I had been looking forward to the adaptation of Stephanie Perkins’ There’s Someone Inside Your House. Perkins has penned some of my favourite YA romance fiction, so I was eager to see her horror work on the small screen. Book fans, I’m sorry to say that the movie has very little resemblance to the book, and as it moved from page to film, some of the more compelling elements of the book are lost in the process. You’ll see what I mean as you get further into the film, but I won’t blame you if you don’t make it that far.
Makani (Sydney Park) and friends are shocked when they discover that the popular football player at their school has been murdered. Not only that, with his death came the revelation of his secret – a hazing ritual gone wrong. As more students at the high school end up murdered, Makani becomes afraid that her own secret will be revealed, and all the new friendships and relationships she’s built will go up in smoke.
To the film’s credit, there are some decent kills. The first two are especially gory, and felt fresh and innovative. The killer’s mask, which is a 3D printed version of each victim’s face, is kind of iconic since we all know the mask of the killer has to be distinctive in some way if you want to create a stand-out slasher. However, the rest of the film just meanders, and the story in between the kills just feels non-existent. There isn’t any tension, and while the film tries to introduce possible red herrings, the real killer becomes pretty obvious once we are introduced to Makani’s gang of friends.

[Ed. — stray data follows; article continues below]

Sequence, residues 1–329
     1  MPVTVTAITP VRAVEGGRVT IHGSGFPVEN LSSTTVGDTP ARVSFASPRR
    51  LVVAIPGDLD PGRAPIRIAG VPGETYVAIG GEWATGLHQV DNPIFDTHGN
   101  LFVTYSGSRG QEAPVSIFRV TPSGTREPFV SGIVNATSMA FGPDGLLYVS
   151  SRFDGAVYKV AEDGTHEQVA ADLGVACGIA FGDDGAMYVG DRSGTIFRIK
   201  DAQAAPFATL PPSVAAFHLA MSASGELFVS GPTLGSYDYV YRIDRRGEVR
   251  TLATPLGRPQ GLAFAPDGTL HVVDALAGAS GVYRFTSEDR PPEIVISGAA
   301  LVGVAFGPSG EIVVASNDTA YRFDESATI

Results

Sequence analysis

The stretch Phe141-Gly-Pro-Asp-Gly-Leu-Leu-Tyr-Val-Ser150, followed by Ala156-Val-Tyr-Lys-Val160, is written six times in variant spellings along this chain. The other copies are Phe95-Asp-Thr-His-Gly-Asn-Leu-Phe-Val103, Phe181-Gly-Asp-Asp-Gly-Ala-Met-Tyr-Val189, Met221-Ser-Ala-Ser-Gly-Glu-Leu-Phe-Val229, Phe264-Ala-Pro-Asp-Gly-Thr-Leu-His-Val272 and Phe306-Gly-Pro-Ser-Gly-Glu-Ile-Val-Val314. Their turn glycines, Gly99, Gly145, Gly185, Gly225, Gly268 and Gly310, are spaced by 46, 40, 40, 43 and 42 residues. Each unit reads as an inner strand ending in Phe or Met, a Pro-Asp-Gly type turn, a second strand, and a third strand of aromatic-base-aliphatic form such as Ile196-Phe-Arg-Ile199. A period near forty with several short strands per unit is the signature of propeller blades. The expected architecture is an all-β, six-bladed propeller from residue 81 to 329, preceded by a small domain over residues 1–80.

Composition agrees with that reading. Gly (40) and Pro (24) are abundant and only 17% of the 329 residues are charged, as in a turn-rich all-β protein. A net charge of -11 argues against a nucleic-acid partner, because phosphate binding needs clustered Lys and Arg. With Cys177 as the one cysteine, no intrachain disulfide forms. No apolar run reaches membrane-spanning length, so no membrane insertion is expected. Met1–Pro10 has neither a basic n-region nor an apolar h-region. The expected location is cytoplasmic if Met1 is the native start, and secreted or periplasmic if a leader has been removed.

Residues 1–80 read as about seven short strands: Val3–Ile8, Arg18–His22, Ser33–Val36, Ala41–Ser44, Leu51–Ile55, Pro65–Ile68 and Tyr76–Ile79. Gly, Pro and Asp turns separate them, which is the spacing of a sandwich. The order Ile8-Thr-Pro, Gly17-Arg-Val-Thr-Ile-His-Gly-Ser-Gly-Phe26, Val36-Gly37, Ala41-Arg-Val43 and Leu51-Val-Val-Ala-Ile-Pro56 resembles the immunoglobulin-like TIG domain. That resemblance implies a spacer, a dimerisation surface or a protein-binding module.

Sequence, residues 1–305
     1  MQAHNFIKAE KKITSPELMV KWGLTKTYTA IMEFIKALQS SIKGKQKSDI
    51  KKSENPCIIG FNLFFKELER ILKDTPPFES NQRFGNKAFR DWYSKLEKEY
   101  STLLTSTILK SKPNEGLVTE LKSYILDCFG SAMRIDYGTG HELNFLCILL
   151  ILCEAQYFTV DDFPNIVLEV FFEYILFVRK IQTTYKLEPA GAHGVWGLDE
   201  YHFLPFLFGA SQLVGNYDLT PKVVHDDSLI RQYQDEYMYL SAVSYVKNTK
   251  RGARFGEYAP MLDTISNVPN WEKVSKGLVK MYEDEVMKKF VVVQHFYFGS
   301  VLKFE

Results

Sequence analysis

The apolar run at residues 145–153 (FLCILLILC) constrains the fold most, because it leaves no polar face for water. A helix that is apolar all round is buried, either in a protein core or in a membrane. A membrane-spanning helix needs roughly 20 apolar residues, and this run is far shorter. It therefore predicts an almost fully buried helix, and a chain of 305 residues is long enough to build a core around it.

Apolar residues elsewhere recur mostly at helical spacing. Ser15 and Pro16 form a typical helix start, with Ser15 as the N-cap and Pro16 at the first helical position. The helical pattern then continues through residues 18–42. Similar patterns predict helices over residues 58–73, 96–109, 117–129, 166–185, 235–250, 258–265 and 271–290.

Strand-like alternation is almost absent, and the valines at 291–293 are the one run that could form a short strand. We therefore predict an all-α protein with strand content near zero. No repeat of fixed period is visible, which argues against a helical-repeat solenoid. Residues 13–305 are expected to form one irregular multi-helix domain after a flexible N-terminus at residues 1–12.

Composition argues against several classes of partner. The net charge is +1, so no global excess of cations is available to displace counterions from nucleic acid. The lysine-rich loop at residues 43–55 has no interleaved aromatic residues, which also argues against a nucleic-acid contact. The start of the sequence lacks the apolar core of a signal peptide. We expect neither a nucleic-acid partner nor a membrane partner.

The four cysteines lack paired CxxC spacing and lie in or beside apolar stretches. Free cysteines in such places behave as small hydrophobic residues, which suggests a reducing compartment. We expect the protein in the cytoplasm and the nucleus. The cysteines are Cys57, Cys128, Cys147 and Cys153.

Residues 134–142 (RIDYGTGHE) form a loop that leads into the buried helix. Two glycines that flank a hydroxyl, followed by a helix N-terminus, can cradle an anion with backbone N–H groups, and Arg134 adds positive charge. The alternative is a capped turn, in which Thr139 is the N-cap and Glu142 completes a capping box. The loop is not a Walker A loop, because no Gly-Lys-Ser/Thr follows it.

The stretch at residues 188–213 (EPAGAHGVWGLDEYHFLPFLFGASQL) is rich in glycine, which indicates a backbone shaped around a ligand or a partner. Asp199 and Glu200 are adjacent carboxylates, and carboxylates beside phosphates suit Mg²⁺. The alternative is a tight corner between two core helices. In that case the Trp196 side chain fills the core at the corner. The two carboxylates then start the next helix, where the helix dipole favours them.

This film feels like such a letdown, especially after we got The Fear Street trilogy from Netflix. There’s Someone Inside Your House is also directed by Patrick Brice, who directed Creep and Creep 2, which are able to do so much on a limited budget and 2 actors, while this film squanders whatever potential there was in the beginning.
Makani’s past isn’t the only secret she’s keeping, as she also had a summer romance with resident bad boy Ollie (Théodore Pellerin). Besides frequent make-out sessions, we aren’t quite sure why the two are even drawn to each other, or why Ollie claims to know Makani so well. Besides long, lingering stares, Park and Pellerin don’t really have much chemistry with each other. Makani is such a blank slate, characterised mainly by this dark secret she’s holding onto, and her love for poetry – the poetry isn’t great, either. In a slasher film, we need to be given characters that we want to root for. Makani is alright, but I realised I wasn’t particularly invested in her making it out of the entire thing alive.
The conclusion is just so absurd that I threw in the towel at that point. The killer’s actions didn’t make sense, the whole villainous monologue wasn’t riveting in any way, but I guess my brain was too switched off to care. With a runtime of 96 minutes, it felt longer than it actually is, which is the worst thing possible for a slasher flick. Trust me when I say you’re better off with Fear Street – all we get here is slasher boredom.
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A slasher shouldn't feel as boring and dragged out as this film is. From a barely functioning plot to characters we don't really root for, There's Someone Inside Your House squanders whatever potential there was from its earlier set pieces.
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